CBC - The CMS Binary Chip
12 Sep 2018



As part of the CMS Tracker, the CBC will provide high-quality physics data while operating at the x10 higher luminosity delivered by the LHC upgrade

Closeup of the CMS Binary Chip



Upgrades to the Large Hadron Collider ( LHC ) at CERN will increase its luminosity by a factor of 10, providing a higher rate of collisions, and correspondingly more data for the experiments. This allows physicists to study known particles such as the Higgs boson in greater detail, as well as search for new rare phenomena. This High-Luminosity LHC (HL-LHC) is expected to produce at least 15 million Higgs bosons per year, compared with three million measured in 2017. ​

A top view of a single CBC integrated circuit showing the upper layer of metal interconnect tracks and the array of pads used to connect the chip to the module circuit board.
A single CBC ASIC (5x11mm)​

Higher luminosity requires the experiments to operate at further elevated beam intensities and particle collision rates, making it necessary to upgrade the detectors and electronics at the heart of the experiments. Consequently, the CMS Binary Chip (CBC) was designed and developed as a replacement for the APV25 ASIC used in the original Silicon Tracker of the CMS experiment​ .

​Designed in a 130nm CMOS technology, the CBC is a 254 channel readout ASIC with each channel comprised of a pre-amplifier, shaper, and a comparator that converts the analogue signals into binary 1s and 0s..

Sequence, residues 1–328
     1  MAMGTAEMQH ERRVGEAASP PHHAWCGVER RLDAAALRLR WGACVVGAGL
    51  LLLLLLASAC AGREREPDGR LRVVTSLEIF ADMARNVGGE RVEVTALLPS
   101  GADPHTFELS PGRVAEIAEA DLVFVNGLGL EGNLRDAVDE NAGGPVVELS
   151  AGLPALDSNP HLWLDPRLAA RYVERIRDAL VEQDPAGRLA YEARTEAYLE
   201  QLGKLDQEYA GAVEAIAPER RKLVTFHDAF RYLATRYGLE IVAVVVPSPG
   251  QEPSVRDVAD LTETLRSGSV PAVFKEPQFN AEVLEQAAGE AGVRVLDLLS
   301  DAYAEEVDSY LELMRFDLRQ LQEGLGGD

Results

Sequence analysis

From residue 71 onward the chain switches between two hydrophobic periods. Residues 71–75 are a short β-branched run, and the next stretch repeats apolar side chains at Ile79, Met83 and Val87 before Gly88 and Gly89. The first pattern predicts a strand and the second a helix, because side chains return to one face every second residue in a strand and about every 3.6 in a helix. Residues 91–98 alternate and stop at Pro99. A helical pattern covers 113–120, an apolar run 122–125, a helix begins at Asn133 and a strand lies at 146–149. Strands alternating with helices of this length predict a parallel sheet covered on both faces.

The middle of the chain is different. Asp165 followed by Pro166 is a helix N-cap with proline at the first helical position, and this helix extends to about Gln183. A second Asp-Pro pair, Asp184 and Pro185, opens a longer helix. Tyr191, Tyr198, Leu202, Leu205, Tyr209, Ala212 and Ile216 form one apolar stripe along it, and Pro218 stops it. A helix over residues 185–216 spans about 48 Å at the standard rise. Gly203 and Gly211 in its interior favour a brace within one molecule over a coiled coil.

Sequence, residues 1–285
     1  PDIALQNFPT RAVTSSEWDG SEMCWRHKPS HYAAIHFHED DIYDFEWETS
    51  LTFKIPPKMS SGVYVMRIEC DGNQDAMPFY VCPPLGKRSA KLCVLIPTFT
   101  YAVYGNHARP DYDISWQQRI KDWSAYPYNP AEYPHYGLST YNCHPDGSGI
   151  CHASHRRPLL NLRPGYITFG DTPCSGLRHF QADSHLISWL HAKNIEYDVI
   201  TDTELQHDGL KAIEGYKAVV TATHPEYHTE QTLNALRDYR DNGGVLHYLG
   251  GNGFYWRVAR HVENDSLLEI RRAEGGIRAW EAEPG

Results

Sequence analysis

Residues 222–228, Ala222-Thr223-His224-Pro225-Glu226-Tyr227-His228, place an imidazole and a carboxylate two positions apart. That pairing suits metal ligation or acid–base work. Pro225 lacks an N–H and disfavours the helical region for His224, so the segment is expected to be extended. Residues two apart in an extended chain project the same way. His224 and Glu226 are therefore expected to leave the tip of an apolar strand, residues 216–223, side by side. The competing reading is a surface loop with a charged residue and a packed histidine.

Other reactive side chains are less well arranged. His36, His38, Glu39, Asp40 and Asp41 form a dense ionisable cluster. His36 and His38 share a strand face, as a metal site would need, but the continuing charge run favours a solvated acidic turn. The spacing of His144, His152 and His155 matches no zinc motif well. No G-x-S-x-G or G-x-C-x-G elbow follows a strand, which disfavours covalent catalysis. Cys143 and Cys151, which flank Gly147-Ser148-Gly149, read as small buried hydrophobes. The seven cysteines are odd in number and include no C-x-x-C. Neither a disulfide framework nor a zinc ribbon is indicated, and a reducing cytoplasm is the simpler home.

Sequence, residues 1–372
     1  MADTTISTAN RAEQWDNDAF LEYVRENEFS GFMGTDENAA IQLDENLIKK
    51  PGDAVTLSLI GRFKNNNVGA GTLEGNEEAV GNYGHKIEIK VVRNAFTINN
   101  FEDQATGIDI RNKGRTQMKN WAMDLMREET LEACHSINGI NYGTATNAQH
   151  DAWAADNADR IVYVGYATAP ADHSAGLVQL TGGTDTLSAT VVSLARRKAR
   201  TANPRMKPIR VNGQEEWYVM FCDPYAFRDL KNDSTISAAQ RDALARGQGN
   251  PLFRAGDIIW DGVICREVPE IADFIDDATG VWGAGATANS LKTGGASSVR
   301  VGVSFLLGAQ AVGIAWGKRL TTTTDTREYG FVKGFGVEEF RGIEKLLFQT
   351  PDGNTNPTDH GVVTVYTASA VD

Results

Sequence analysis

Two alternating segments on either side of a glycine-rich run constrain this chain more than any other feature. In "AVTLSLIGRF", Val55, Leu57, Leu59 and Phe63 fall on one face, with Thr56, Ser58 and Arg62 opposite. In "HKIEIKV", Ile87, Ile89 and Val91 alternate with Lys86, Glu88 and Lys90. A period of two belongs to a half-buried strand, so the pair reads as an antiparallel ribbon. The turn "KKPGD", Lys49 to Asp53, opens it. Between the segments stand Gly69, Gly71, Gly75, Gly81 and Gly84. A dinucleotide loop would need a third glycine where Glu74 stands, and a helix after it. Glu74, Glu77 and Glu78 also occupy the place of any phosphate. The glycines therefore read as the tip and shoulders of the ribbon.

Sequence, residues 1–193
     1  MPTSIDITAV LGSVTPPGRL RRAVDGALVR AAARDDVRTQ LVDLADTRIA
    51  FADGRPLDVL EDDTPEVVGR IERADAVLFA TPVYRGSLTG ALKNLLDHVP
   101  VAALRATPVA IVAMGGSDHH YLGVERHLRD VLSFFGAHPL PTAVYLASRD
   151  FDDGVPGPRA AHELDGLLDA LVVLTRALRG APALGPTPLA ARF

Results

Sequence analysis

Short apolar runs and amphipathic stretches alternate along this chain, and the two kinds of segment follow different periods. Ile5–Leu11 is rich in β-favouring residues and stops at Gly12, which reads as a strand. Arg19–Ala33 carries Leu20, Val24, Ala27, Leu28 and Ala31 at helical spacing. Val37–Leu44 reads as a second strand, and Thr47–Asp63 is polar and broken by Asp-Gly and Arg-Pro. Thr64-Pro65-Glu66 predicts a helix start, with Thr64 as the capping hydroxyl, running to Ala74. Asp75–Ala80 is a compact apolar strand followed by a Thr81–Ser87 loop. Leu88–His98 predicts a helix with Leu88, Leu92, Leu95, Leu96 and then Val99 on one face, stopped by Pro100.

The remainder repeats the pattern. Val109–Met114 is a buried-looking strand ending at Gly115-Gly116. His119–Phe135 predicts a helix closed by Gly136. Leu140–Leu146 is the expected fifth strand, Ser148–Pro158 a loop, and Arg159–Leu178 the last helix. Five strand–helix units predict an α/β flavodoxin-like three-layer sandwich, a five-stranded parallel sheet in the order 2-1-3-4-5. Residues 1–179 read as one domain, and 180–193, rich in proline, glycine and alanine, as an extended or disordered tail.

The binary data is stored in a 512-deep pipeline memory to accommodate trigger latencies of up to 12.8 microseconds, more than treble those of the original experiment. When triggered, the binary data from the pipeline is output as a serial packet at 320 Mb/s in order to satisfy an expected average trigger rate of 1MHz .
A top view of a prototype module containing 16 CBC integrated circuits connected either side of 4 silicon strip detectors, of which only the top 2 detectors are visible.
A full size 2S module prototype​

In an innovative move to assist with the identification of the most interesting events, each detector module will use an array of 16 CBC chips to collect signals from two layers of silicon microstrip sensors arranged with a gap of a few millimetres between them. As particles pass through these sensors they will deposit electrical charge in both layers, and by comparing the relative positions of the charge in each layer, the logic circuits on the CBC can identify potentially interesting data that can t​hen be used in the experiment’s first level of trigger processing.​

Imperial_Logo.pngThis work was carried out in collaboration with Imperial College London, with funding from STFC​.

Contact: ASIC Design Group
Tel: 01235446017​